Natural News is a complete goofball pseudoscience website, but could the study they cite (Carman et al. 2013: “A long-term toxicology study on pigs fed a combined genetically modified (GM) soy and GM maize diet.”) be the first legitimate evidence that GMOs are harmful to health?
My friends are extraordinary people. The people I’m attracted to are very driven and highly intelligent (and perhaps more than a little neurotic). The majority of them are also passionate about exercise.
“Exercise” is maybe too mild a term for this group: they are athletes devoted to a sport (either professionally or as committed amateurs), or they are coaches who are as relentless about training themselves as they are their students. To a person, they freely admit that this activity is essential for their mental well-being.
My own cognitive therapy. Photo taken by gymjones.com
And while I believe that their lives are very stressful, they handle stress remarkably well. They seem to be very resilient when bad stuff happens to them. This is an anecdotal observation on my part, but it interested me enough to go read about the effects of exercise on the brain. Here’s what I found:
I want to acknowledge a magnificent takedown of a terrible pseudo-scientific article.
Have you seen this BuzzFeed post on your Facebook timeline recently?
“8 Foods We Eat In The US That Are Banned In Other Countries”, written by Ashley Perez summarizes some claims made in “Rich Food, Poor Food”, a book by Dr. Jayson Calton and Mira Calton. It’s intended to give us the ‘real truth’ about the horrible chemicals that we’re ingesting on a daily basis. The problem? It’s complete nonsense to anyone who knows even a little bit about chemistry.
Andrew Wakefield’s fraudulent report that the MMR vaccine causes autism has resulted in a generation of children (~age 10-16) who have a historically low vaccination rate (below 50% in some places). As a result, the rate of measles infection has skyrocketed in Britain:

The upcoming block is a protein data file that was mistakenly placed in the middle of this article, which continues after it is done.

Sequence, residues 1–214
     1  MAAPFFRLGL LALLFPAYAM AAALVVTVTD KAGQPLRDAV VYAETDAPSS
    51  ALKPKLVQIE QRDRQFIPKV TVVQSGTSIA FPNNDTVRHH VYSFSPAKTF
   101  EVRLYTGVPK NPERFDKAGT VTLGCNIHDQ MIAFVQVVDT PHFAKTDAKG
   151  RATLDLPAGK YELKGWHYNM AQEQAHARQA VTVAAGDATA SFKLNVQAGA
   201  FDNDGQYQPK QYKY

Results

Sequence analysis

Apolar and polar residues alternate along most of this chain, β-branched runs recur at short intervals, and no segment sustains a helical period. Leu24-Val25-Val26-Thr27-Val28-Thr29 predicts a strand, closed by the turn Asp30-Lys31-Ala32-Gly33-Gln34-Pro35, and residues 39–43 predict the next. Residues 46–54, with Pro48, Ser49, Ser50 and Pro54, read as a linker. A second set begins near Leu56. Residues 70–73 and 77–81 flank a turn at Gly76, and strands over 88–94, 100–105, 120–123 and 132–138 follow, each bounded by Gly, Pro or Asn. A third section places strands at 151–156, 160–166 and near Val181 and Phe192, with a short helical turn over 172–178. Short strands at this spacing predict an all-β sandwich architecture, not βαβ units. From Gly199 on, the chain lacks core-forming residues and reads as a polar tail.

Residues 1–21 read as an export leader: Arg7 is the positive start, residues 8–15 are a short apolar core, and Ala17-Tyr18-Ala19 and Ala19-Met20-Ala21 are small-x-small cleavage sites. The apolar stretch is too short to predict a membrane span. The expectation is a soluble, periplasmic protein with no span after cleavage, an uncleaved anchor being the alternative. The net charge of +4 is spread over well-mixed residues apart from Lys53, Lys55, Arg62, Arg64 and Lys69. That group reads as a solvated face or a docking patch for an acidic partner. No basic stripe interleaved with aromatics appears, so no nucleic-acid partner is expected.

There have also been outbreaks in the United States, with significant infections so far this year in many places, including Brooklyn and New Jersey.
The good news is that thanks to excellent public health outreach in England, vaccination rates are improving significantly. But I worry that many people still don’t understand the issues. Let me summarize them for you:
Current research suggests that Native Americans are all descended from one or a few small Siberian founder populations, so compared to other populations worldwide they have relatively low genetic diversity. But since colonizing the Americas, they have developed an extraordinary variety of cultures, languages and environmental adaptations. How did their different experiences of contact with European and African populations affect their population health outcomes today? Is it appropriate to treat all “Native Americans” as a single category for the purposes of health care? These are some of the questions I raised in this talk as part of the the Mizzou School of Health Professions Conversation Series.
(The video quality is messed up in places, but you’ll get some segments of what I talked about).